(d) Creep and deflections of mountings.
The last also includes the deflections due to possible deterioration of the mountings. In addition to these movements, the normal building tolerances and clearances should also be taken into account.
7. Resilient Seating’s:
All buildings are subject to some movement; but the extent of this is very difficult or even impossible to predict accurately, mainly because of variation in the constructional material (and its properties) from the original design.
This may result in the development of cracks due to any of the following causes:
(b) Differential settlement;
(c) Creep; and
(d) Thermal movements within the structure.
This effect (i.e., the development of cracks due to the causes mentioned above) can be countered by the use of resilient separating members interspersed between structural members where the above conditions are likely to occur. Such materials are known as resilient seating’s.
Resilient seating’s allow for extra movement due to the causes mentioned earlier. At the same time, such materials also ensure a small but uniform transfer of stresses from sub-structures to all beams, etc. Resilient seating’s can be designed for use on all types of structures, and employed between any combination of concrete, steel, brick and timber to eliminate the high stress at support edges.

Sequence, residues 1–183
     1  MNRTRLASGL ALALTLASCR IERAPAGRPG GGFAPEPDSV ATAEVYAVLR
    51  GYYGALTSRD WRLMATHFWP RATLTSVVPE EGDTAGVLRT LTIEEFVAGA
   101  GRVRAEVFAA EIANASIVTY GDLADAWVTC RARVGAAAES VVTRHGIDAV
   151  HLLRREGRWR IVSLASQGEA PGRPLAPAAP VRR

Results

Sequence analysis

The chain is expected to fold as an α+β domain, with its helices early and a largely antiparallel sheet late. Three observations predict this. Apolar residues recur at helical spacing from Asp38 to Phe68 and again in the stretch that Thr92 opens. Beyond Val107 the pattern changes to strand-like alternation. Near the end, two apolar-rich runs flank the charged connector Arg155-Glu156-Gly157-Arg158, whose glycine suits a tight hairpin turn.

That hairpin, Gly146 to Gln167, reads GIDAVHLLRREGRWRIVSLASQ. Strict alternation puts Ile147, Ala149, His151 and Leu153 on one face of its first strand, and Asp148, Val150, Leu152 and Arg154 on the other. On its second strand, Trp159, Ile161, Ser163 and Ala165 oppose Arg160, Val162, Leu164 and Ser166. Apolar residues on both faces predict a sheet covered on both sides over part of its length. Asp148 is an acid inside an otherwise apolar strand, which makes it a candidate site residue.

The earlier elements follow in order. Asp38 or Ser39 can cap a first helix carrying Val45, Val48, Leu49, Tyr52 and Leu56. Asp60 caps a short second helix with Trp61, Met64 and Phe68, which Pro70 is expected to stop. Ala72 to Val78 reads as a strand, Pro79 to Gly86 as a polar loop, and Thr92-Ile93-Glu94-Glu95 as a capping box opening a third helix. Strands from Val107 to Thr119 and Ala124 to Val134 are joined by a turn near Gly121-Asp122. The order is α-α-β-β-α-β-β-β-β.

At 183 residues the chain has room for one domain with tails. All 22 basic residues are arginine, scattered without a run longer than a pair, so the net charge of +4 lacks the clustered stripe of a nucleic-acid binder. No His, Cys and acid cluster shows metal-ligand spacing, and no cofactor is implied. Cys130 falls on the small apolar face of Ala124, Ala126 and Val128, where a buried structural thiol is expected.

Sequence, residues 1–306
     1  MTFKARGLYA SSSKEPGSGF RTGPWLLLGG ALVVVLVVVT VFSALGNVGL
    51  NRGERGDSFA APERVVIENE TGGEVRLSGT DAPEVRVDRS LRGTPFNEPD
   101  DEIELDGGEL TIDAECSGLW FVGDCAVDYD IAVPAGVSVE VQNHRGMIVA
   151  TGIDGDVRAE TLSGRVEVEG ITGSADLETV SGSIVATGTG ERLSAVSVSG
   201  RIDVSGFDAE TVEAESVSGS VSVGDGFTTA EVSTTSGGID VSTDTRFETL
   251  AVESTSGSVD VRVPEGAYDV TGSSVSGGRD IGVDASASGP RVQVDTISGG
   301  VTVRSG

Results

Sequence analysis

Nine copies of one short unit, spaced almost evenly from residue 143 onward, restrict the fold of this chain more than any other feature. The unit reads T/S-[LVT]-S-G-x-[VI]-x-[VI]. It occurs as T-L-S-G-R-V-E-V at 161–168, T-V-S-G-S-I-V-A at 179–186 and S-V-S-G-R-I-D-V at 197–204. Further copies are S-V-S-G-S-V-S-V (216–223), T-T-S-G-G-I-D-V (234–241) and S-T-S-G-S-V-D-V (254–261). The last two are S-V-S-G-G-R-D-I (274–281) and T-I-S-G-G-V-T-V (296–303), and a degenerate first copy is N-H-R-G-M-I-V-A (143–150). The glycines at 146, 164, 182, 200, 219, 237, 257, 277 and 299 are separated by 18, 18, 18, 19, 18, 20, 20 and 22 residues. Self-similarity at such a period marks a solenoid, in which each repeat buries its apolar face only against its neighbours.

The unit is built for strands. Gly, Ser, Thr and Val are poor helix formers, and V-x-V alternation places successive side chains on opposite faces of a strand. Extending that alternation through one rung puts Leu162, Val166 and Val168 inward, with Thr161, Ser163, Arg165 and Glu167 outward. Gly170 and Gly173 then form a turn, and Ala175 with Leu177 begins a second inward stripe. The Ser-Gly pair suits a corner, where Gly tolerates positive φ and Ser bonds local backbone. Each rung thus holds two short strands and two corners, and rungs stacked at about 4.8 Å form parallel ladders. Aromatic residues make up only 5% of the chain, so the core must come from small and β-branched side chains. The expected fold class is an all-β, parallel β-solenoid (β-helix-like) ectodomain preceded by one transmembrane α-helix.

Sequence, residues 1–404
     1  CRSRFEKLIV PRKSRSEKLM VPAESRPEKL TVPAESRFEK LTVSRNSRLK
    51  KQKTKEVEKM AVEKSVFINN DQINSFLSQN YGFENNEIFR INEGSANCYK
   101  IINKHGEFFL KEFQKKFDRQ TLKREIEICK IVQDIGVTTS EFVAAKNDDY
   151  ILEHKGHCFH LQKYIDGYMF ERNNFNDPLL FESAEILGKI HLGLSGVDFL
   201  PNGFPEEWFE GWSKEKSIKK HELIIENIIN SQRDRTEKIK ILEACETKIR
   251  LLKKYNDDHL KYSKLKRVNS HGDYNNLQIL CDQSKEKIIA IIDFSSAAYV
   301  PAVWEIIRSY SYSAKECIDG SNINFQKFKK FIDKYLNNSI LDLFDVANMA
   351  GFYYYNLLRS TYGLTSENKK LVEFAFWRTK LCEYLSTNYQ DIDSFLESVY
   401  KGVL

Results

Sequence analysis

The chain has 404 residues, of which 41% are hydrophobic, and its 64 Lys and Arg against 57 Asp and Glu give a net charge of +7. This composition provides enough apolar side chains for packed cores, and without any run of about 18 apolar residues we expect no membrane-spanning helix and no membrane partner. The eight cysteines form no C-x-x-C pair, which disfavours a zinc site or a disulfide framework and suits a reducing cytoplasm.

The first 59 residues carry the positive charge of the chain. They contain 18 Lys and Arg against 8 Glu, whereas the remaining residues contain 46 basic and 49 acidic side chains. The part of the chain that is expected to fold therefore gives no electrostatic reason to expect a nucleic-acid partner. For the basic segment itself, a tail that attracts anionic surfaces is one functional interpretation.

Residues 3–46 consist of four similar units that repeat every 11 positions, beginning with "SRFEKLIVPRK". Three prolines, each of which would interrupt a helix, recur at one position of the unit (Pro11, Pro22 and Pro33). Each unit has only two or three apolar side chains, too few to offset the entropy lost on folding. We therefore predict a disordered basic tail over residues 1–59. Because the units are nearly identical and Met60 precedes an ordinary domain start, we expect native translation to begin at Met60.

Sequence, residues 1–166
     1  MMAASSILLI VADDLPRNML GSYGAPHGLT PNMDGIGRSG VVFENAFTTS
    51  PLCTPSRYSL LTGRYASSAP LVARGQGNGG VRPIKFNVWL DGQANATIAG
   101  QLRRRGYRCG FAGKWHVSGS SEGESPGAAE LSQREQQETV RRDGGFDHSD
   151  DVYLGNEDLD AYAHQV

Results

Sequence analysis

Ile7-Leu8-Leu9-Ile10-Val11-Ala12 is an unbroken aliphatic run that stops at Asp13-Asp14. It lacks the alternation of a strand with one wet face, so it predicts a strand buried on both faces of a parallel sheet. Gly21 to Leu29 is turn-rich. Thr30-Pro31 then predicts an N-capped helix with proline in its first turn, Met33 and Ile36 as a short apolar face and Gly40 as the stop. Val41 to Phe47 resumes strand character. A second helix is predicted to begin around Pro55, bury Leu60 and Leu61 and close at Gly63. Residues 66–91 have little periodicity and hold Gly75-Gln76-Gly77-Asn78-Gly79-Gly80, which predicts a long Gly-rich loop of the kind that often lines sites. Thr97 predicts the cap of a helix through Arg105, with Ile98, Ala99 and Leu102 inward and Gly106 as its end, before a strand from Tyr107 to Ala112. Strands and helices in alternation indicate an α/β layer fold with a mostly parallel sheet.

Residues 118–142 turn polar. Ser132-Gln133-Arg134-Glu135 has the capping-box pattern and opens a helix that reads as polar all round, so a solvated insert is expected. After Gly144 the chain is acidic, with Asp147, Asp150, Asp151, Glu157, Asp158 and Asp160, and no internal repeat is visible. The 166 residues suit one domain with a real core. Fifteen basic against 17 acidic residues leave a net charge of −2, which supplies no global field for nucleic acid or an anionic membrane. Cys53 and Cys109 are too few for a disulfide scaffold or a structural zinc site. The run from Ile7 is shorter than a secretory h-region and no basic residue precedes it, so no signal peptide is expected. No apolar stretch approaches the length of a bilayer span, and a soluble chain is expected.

Sliding resilient seating’s (known also as “sliding bearings”) can be employed where large structural movements are naturally present. Basically, these are bearing pads combined with a low- friction sliding surface. Perhaps the best-known application of sliding resilient seating’s is for the expansion parts of bridges. Other applications of these include floating roofs, beam.
8. Design Procedure of Resilient Mounting:
The following steps give a general idea of the design procedure for a resiliency mounted structure:
(a) Site vibration survey:
This includes the survey for all types of trains (passenger, express, local, goods, and heavy- freight trains), and several examples of each. The recordings must be vibrograms of velocity or displacement. Moreover, the natural frequency of the pick-up must be lower than the lowest frequency of the ground waves.